Research on miracle-working images has shown that devotees attributed their power to the authentic likeness of the holy people these images possessed. An authentic likenss of Christ, for instance, possessed his seemingly infinite agency. Using the miraculous painting of the Annunciation at the Santissima (SS.) Annunziata in Florence as a case study, this article questions whether an image’s agency was indeed limitless. Based on an examination of various hagiographical writings on the shrine written during the Counter-Reformation period, in particular Angelo Lottini’s Scelta d’alcuni miracoli e grazie della Santissima Nunziata di Firenze, this article proposes that certain miracles were connected with the image’s origins. In light of James Frazer’s theory of sympathetic magic, and Alfred Gell’s more recent theory of art and agency, this article argues that these post-Tridentine writings define the Annunziata image’s agency by the circumstances of its origins, which made it especially (though not exclusively) powerful over problems relating directly or conceptually to the mind, imagination, and eyes.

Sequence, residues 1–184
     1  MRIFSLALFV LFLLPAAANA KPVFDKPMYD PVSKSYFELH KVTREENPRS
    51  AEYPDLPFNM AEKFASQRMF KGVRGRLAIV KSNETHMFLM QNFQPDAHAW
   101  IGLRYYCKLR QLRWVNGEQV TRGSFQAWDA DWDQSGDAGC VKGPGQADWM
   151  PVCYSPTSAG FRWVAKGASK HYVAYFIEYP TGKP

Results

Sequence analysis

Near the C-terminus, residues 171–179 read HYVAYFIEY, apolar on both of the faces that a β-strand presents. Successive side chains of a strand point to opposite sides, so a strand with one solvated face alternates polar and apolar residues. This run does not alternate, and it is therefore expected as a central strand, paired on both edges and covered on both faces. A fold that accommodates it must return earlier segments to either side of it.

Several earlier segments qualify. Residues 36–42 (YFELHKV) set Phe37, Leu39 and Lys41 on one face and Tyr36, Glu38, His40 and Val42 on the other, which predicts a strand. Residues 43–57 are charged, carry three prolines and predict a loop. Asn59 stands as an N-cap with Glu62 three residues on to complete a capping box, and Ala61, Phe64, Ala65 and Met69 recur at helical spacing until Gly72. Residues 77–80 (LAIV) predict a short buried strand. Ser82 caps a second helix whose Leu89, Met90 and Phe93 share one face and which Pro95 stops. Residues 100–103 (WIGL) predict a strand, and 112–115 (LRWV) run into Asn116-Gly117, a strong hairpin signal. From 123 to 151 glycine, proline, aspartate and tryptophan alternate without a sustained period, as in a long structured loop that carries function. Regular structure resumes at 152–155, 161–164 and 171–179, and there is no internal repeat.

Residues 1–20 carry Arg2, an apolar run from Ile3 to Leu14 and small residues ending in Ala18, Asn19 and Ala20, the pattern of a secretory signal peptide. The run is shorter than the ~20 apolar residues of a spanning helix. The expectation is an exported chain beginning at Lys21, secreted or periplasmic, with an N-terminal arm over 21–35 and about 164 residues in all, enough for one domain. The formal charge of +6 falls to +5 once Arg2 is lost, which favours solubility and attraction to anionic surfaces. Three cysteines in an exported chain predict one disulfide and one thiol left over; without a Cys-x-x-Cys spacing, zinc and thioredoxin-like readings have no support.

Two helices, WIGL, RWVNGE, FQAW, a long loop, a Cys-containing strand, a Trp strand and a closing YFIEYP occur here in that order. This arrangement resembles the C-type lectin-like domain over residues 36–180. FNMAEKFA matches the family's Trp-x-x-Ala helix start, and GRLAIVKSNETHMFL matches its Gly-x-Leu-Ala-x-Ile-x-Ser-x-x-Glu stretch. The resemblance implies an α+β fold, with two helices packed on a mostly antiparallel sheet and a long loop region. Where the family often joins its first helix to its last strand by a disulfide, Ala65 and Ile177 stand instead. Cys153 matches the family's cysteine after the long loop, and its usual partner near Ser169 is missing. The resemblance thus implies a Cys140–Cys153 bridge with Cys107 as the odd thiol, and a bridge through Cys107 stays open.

The Origins and Agency of the Miraculous Annunciation at the Santissima Annunziata in Counter-Reformation Florence by Dr. Steven Stowell
Peer-reviewed article by Dr. Steven Stowell
Jacques Callot, after Arsenius Mascagnius (Donato Mascagni). “Una Regina di Cipri, per grazia ottenuta dalla NUNZIATA, si reduce à castissima vita”. In Lottini, Scelta d’alcuni miracoli. Florence, 1619, p. 54.